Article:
Posted by Jennifer Sokolowsky on November 8, 2010 01:30 PM
The Economist has launched the Ideas People Channel, a digital ad network that aims to expose advertisers to an elite audience unbound by the usual demographics. Rather than defining targets according to age, education level or how much money they make – so they claim – the Ideas People Channel targets individuals based on their mind-set. This audience is "intellectually curious, opinionated, influential and passionate about business, globalization, innovation and culture," according to a press release. Oh, and another thing: affluent.
The network, which launches with 11 million unique monthly visitors in the U.S., includes nearly 30 selected outlets ranging from the Christian Science Monitor to Wonkette, among others, many with a political bent, including The Nation, Roll Call, Congress.org and The New Republic. Member publishers were identified by Economist readers as preferred online information sources. Continue reading...
Posted by Sheila Shayon on May 20, 2010 02:20 PM
The Christian Science Monitor is standing fast and betting that people will pay for quality digital content, including well-produced video. Its latest foray, with FORA.tv, is called The Monitor Breakfast.
The new Web series invites the public into the longstanding Monitor-hosted power breakfasts in Washington, featuring journalists and others engaged in lively debate and candid conversation about the issues of the day.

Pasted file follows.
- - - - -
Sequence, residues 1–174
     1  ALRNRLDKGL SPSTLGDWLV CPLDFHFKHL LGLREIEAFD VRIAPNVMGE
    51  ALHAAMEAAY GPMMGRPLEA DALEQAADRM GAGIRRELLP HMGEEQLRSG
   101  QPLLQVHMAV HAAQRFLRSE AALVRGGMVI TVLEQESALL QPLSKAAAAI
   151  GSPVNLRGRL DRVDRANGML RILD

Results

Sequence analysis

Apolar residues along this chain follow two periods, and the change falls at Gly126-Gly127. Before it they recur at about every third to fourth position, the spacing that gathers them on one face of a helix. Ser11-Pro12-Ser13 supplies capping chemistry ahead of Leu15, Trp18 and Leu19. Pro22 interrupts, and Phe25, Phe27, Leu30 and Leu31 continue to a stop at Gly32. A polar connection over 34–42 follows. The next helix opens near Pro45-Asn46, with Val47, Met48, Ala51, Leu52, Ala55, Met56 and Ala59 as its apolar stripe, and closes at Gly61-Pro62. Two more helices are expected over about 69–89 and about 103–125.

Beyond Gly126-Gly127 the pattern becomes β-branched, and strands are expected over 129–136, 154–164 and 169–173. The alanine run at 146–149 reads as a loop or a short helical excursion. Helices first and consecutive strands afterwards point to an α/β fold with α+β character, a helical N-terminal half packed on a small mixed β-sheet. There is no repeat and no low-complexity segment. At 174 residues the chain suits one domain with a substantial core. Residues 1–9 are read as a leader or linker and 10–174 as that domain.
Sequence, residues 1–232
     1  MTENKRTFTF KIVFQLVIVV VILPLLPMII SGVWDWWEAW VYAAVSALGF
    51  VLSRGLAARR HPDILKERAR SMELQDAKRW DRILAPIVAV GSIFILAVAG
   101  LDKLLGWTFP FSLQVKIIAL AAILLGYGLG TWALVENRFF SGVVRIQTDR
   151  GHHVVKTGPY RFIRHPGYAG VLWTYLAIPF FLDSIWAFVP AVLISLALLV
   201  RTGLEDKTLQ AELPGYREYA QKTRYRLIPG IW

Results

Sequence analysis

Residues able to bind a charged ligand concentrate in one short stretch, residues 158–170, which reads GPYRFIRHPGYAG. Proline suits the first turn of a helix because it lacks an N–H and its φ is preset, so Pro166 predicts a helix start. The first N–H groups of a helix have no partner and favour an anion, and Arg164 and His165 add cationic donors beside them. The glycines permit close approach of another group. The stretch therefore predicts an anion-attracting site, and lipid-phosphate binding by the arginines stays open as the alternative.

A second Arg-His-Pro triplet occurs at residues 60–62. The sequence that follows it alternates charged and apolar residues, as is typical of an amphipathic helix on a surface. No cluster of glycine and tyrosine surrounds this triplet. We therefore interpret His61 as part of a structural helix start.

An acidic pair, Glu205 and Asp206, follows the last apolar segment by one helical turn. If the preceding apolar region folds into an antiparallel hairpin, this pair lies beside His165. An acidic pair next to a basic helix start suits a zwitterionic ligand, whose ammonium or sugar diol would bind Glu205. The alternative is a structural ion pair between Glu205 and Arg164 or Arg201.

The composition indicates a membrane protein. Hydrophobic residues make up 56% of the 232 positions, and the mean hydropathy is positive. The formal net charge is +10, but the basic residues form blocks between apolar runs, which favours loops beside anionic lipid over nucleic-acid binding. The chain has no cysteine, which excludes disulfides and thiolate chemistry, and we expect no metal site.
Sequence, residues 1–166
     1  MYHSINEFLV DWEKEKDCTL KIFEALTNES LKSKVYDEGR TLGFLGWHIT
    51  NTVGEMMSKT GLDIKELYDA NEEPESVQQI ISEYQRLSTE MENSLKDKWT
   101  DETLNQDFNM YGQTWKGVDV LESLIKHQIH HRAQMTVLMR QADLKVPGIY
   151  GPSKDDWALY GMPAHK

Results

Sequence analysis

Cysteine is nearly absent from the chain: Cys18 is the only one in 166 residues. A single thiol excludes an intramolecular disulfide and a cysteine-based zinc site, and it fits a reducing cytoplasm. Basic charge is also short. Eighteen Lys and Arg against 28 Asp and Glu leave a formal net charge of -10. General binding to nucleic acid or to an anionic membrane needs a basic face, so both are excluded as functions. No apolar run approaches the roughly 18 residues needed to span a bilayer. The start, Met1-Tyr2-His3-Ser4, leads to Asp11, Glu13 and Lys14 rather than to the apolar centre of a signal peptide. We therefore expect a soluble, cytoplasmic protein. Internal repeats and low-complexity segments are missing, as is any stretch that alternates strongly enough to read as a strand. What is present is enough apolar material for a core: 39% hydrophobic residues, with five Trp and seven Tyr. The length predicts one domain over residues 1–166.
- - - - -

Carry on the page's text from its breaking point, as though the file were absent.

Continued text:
The media brand's partnership with FORA.tv offers a hybrid model: same-day highlights will be available as free clips (such as the James Carville segment above) on both the Christian Science Monitor's website and on FORA's site. Full-length videos of each session are available on a subscription basis for $14.95/month or $99.95/year.
Advertising sponsorships are available, both as pre-roll video within the webcasts on both sites and standard ad units on the Monitor’s web video page.Continue reading...
Posted by Sheila Shayon on April 16, 2010 11:15 AM
In a time of upheaval for the news media, the Christian Science Monitor is thriving – in old-school print and online. About a year ago, reeling from poor sales, dwindling subscriptions and diminished revenue, the Monitor was forced to fold its daily edition, which had been in print circulation since 1908. In its place, it launched a weekly glossy in tandem with a spruced up website for breaking news. The venerable brand went from one struggling news product to two complementary platforms – and in the process, gained a newfound lease on life.
The Monitor's website provides a window on breaking headlines, while the weekly edition cultivates the longer, more in-depth commentary which was a hallmark of the brand for more than 100 years. So far, the relaunch is working. When its weekly edition launched on April 12, 2009, there were 40,000 paid subscribers – a base that it has almost doubled, to about 77,000 paying subs. The conversion rate from the daily to weekly was an impressive 90%.
Although modest by some newspaper criteria, the Monitor’s demographic is an upscale advertiser’s dream: a median household income of $88,000; 80% college graduates; 47% post-graduates; and they're a worldly bunch, clocking more travel than the average population. So how are they taking to the brand's digital reinvention?Continue reading...